I’m aware that my career at the Waterbury Observer is not a lifetime gig, but what if it was? Why do people have to constantly assume that I’m off to do bigger and better things? I can’t control what other people say to me, but I can control my reaction to it. I’m absolutely content with my life as it is and I’m excited about possibilities in the future, but I’m learning to let the opinions of others trickle in one ear, and out the other.
Another lesson I’ve taken from this year is letting go. I used to hold onto the moment like a Gila Monster, so I wouldn’t miss out on anything. I would hang out with my friends constantly to keep myself in the loop. I learned this year that it’s important to let go of that concept and have fun when you can, and realize that you can’t be everywhere at the same time.
On a deeper level I learned to let go when my father and I put our beloved 13-year-old yellow lab, Dakota, down in April after a short bout with lung cancer. We spent an emotional last day together, telling him how much we loved him, and peacefully let him pass on. The overwhelming sadness of losing such a huge part of your life hits like a tidal wave at the strangest times, but it’s important to move forward instead of digressing. We love sharing stories about Dakota and talking about him with close friends, but it’s important to practice the art of letting go.
Many people fall into a rut after a loved one passes and never move forward. One of the most important parts of life is learning to deal with and accept death whether it is a dog, a friend, a parent, and eventually yourself. When I was in Thailand several years ago I read an article by a monk. He was rattling off tales about his philosophies on life, but one that has always stuck with me was his thought on death. He said you can only live a life free of fear the moment you embrace and accept your own death.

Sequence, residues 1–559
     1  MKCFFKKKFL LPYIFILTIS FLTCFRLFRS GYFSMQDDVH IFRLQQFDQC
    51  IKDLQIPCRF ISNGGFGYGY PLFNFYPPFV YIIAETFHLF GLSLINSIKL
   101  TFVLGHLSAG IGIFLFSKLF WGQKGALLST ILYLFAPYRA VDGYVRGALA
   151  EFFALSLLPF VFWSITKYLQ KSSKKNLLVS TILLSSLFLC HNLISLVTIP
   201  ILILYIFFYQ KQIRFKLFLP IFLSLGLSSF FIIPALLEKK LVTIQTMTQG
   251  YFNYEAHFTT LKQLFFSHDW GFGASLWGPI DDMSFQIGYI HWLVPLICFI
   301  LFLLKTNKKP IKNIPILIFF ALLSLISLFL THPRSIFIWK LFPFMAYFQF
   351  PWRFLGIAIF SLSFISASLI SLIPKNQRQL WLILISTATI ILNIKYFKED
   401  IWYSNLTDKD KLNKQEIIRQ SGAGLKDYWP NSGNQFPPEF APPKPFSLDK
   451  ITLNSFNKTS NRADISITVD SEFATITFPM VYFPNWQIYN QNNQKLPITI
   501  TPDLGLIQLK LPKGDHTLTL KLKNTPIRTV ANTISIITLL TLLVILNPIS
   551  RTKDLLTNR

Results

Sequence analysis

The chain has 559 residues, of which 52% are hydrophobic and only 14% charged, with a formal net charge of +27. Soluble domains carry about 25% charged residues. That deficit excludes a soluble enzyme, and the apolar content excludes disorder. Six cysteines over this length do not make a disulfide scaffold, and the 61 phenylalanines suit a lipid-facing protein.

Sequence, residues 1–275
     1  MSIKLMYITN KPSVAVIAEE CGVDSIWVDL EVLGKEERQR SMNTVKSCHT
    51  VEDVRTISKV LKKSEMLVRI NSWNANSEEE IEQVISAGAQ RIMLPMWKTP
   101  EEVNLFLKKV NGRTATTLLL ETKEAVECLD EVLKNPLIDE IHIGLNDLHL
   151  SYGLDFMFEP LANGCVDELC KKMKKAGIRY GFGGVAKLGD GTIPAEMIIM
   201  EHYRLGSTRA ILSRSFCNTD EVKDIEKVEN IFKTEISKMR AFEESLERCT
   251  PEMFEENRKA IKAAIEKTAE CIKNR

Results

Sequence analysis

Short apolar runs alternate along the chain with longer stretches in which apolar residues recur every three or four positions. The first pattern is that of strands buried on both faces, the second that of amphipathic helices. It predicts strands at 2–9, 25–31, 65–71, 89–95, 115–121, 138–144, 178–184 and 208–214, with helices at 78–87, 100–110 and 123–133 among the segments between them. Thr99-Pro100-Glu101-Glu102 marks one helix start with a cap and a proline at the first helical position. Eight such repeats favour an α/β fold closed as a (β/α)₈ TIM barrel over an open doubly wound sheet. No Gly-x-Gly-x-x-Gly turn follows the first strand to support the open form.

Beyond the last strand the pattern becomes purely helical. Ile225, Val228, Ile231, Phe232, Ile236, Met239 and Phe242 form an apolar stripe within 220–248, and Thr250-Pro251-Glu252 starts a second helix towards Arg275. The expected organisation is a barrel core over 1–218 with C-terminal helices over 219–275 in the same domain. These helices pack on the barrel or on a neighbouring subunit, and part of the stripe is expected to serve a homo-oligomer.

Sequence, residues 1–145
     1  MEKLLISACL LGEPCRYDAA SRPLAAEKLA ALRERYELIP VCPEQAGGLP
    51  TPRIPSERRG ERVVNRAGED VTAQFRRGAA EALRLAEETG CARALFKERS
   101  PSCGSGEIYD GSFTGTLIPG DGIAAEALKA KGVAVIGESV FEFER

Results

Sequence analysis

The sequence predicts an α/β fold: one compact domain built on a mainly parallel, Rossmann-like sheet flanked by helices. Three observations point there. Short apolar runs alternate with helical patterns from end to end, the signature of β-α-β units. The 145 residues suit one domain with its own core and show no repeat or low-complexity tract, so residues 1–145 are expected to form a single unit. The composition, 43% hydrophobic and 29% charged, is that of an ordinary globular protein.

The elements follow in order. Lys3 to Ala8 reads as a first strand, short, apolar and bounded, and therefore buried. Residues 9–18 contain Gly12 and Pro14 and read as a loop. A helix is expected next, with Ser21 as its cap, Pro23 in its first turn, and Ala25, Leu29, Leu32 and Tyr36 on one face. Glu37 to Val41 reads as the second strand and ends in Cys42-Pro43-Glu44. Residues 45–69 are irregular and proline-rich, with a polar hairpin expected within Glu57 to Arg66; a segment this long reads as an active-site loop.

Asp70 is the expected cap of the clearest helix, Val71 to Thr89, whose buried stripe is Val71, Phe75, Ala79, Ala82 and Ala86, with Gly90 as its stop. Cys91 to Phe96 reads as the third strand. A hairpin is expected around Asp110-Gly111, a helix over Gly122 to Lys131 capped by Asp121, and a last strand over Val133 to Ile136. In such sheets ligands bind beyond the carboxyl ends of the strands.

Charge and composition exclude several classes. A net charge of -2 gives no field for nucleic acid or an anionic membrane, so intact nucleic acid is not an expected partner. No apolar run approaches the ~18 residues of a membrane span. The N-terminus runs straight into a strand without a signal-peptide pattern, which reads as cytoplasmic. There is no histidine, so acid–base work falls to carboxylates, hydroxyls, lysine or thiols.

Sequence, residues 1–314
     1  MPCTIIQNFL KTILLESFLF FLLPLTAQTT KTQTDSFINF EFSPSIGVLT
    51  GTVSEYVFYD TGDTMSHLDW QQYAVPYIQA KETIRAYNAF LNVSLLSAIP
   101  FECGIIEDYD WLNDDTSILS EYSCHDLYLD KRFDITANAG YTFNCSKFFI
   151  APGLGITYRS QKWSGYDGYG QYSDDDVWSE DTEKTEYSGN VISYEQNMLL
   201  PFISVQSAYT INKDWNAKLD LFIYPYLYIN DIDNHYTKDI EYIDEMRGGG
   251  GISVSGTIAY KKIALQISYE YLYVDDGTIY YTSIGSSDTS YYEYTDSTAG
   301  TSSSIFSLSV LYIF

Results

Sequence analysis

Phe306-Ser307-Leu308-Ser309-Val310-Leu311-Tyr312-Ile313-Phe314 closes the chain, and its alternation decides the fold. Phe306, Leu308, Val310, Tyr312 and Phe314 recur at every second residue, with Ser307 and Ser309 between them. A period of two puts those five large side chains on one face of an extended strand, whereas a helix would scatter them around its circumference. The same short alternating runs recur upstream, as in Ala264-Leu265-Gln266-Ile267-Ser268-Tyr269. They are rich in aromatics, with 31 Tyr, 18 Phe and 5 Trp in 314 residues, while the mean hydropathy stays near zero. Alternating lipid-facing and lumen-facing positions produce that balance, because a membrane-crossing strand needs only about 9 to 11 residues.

I’m still working on that concept, but I’m slowly getting there.
Practically every person that stands at a podium and makes a commencement speech at a college graduation stresses how scary the real world can be. I’m still sheltered in the sense that I live with my parents, in my hometowns, working at my family business, and spending time with friends. I have more responsibilities and have been treated as an adult, but home is still my safety net. Many of my classmates have taken the plunge into living alone in an apartment, working at demanding jobs and carving new lives for themselves in New York City, Chicago, Boston and Dallas. As independent and worldly as I may seem, I knew in my gut that I was not ready to dive head first into the working world after receiving my degree. I spent this year soul searching and figuring myself out, and home was a safe environment to do so.
After gaining my footing this year I have begun to explore the possibilities that lay ahead. I’ve submitted an application for the AmeriCorps, and may hear in the next few weeks if I will be teaching English for the year at a local private school in Litchfield County. I have obtained my certification to teach English abroad and have tried my hand in the service and bartending industries.
Nothing is set in stone, but if I had jumped into a career directly after college, I would be lost. I needed to spend the year exploring myself. I realize that many people do not have the luxury of falling back on a family business, but I fortunately did. Working this past year at The Waterbury Observer allowed me to strengthen myself before heading into the storm.